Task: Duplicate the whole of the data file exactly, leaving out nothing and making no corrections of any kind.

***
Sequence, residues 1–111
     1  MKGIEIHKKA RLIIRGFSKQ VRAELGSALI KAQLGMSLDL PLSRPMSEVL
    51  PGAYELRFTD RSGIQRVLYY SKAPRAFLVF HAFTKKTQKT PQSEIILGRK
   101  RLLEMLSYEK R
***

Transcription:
Sequence, residues 1–111
     1  MKGIEIHKKA RLIIRGFSKQ VRAELGSALI KAQLGMSLDL PLSRPMSEVL
    51  PGAYELRFTD RSGIQRVLYY SKAPRAFLVF HAFTKKTQKT PQSEIILGRK
   101  RLLEMLSYEK R